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Safety & Ethics
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Safety forms were approved on September 29, 2013 by the iGEM Safety Committee.

iGEM Safety Questions

1. Would our project raise any safety issues in terms of:
Researcher safety- Certain chemicals used in our research may be harmful ie. ethidium bromide when running agar gels. The safety issues are covered in COSHH assessments and safety protocols will be followed. Bunsen burners are used when making agar plates for sterility need to follow safe working practices for bunsens. Need to use aseptic techniques to avoid contamination with bacteria from us and to us. Also we will be handling hot agar so care should be taken not to burn ourselves by using oven gloves. Throughout our research we will follow health and safety regulations required by law. To add to this university health and safety policies will be enforced to ensure researcher safety.
Public safety- If our Biosystems were to be used as a commercial device, the effects that it would be have on the environment and wildlife would have to be considered; as well as possibly contamination it could cause. This is a concern as the plasmid we are using to carry our genes contains an antibiotic resistance gene which could be transferred to other virulent bacteria. Therefore a kill switch will be inserted into our plasmid with will allow us to kill bacteria easily if a containment issue occurred. Therefore this would will stop the creation of any dangerous, resistant bacterial strains hence keeping the public safe from our product.
Environment- Once again we need to make sure our genes will not be transferred to wild virulent strains of bacteria so not to cause antibiotic resistance. Hence the insertion of a kill switch into the bacterial plasmid should make killing a harmful or contaminated strain easy and safe to do. To add to this, any bacteria we use and have used and no longer any use of, as well as those that may have become contaminated, will have to be disposed of appropriately using an autoclave. This will make sure all the cells are killed and are of no harm to the environment, lab researchers or the public.
2. Do any of the new biobricks raise any safety issues?
We believe that our new biobricks will be safe as they do not produce any harmful chemicals. However there is the consideration that they could be harmful if a person became infected with the bacteria we are working with. But this will be because of the adverse effects of the bacteria itself, not from the biobricks we have inserted into the bacteria. To avoid this situation, health and safety measures will be put in place and keep to by the researchers working in the labs at all times. To avoid the public being affected by the bacteria we are working with, they will be disposed of in the proper way, for example autoclave (as previously mentioned), so that all bacteria is killed and disposed of correctly and safely.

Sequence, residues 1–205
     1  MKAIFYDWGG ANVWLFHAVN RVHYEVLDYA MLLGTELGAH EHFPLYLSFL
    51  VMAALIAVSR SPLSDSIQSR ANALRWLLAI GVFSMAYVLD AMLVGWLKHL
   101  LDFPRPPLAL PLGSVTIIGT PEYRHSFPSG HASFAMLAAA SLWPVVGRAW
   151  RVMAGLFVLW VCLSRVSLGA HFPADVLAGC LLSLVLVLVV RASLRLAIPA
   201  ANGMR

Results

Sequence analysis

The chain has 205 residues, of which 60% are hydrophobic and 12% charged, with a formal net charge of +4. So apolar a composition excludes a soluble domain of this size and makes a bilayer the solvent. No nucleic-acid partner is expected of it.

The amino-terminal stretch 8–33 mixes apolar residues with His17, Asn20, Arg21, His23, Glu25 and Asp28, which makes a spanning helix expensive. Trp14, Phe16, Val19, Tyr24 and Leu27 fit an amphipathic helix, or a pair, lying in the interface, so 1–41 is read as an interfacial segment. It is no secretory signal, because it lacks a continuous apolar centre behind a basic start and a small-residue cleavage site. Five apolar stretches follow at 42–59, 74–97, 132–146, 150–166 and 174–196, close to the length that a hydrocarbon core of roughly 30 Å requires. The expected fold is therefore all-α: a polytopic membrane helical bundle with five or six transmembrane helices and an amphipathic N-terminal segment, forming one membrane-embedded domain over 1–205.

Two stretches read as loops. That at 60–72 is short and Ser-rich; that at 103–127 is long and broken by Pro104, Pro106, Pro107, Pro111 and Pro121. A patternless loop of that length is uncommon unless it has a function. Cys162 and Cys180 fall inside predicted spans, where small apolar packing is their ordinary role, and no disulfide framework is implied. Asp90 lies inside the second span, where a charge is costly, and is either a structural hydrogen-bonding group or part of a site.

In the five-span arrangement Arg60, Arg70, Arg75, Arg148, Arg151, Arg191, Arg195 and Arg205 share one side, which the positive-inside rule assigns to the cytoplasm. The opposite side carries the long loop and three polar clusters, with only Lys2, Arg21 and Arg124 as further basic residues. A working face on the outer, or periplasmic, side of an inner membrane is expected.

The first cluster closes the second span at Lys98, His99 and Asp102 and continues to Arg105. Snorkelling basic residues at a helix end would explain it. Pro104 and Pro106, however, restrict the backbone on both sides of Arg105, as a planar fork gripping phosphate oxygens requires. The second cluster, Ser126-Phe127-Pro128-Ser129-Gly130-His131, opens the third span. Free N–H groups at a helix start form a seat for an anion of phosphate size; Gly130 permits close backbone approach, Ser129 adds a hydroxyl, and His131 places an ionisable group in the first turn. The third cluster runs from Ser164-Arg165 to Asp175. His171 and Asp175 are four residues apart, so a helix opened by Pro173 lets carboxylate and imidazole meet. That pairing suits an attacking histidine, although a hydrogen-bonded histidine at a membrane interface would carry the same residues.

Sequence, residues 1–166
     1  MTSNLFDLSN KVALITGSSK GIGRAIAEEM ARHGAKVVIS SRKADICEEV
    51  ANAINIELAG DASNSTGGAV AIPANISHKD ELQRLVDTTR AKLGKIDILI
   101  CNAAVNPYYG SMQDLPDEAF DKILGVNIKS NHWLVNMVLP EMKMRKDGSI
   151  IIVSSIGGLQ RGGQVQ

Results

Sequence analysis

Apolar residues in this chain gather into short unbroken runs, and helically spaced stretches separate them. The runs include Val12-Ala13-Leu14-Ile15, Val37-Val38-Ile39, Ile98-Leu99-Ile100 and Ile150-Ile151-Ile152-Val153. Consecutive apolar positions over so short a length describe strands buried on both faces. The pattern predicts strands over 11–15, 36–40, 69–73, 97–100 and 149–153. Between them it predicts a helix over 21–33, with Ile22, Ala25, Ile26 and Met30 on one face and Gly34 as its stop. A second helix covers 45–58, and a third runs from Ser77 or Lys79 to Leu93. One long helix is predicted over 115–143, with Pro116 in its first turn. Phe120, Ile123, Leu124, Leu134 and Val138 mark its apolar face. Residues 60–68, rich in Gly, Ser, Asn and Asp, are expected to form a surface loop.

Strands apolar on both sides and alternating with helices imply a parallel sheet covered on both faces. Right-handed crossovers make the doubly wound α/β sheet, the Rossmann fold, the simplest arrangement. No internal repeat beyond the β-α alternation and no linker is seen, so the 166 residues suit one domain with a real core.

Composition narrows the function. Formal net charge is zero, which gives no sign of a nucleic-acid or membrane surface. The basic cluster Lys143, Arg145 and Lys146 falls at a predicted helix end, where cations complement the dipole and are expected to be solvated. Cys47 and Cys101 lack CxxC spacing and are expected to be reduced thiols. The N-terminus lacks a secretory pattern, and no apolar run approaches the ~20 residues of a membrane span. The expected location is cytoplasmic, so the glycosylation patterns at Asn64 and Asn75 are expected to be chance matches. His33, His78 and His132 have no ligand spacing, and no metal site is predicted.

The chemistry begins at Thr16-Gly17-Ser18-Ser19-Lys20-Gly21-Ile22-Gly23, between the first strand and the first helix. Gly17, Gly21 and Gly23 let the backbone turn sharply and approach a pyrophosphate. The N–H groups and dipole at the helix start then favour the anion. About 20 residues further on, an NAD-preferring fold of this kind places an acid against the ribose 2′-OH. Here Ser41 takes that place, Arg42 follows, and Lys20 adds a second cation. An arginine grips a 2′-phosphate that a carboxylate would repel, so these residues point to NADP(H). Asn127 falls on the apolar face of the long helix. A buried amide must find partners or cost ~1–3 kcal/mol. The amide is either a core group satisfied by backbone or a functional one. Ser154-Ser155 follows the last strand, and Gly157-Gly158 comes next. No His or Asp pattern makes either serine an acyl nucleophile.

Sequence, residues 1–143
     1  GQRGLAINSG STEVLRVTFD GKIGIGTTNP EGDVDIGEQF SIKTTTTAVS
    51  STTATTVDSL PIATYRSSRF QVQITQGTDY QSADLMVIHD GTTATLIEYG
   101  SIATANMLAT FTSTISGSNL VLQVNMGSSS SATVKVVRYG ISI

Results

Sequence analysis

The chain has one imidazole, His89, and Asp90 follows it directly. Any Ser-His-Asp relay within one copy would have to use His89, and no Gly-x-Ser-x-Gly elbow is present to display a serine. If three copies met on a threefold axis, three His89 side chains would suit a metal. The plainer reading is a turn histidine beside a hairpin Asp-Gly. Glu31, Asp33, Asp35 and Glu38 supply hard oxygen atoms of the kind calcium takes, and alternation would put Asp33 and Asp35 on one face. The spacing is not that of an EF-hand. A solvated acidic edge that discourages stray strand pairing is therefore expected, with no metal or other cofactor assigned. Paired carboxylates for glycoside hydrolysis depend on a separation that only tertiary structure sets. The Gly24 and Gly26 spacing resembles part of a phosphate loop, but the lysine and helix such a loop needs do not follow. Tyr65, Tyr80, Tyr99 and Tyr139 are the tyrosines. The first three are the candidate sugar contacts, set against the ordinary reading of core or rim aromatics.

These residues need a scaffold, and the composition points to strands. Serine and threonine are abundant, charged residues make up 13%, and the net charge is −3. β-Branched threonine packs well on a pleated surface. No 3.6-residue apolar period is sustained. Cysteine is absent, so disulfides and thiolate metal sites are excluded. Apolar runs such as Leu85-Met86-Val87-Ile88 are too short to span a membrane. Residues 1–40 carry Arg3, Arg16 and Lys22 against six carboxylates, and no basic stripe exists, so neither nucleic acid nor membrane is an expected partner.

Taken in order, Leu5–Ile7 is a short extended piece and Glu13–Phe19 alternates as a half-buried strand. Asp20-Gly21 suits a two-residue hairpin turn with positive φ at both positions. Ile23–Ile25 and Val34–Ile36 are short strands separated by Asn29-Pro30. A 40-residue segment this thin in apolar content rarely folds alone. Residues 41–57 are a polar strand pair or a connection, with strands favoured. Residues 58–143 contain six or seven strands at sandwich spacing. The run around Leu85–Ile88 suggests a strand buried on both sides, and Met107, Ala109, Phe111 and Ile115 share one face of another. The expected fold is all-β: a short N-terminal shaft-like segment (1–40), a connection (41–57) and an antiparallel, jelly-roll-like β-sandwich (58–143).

3. Is there a local biosafety group at your institution?
There is specialised health and safety department at the university and it has a specific biosafety section. The people that work in this area are fully aware of our research and have seen no additional safety issues than those addressed so far. All the members of the team have undergone health and safety training before working in the labs and this was given by a member of the faculty of biological science health and safety team.
4. Any other ideas on safety issues for future iGEM competitions? How can any parts be made safer through biosafety engineering?
The parts we are engineering have been made safer by introducing the kill switch, mentioned earlier, so that if the bacteria became virulent ect. they can quickly be disposed of safely. We hope that our biobricks are safe and don’t impose any risk to the environment or the public but as we go along with our work we will be sure to keep assessing the risks involved with our biobricks and synthetic biology in general to make sure that our work is as safe as possible!


The chassiss we are using are E.coli BL21 gold strain which are in risk group 1, Our lab has a bio-safety rating of 2. Therefore it is ok to work with this strain in our lab. When handling bacteria sterile techniques were used and anything that comes into contact with the bacteria is autoclave sterilized.

Lab Safety

For safety in the Labs we have undergone compulsory health and safety training run by the Faulty of Biological Sciences. We will also be following UK Health and safety legislation in our work. For every new Chemical or reagent used we will follow the risk assessments put in place, and the COSHH assessments. When handeling bacterial cultures we will use sterile techniques and employ the use of PPE to prevent contamination.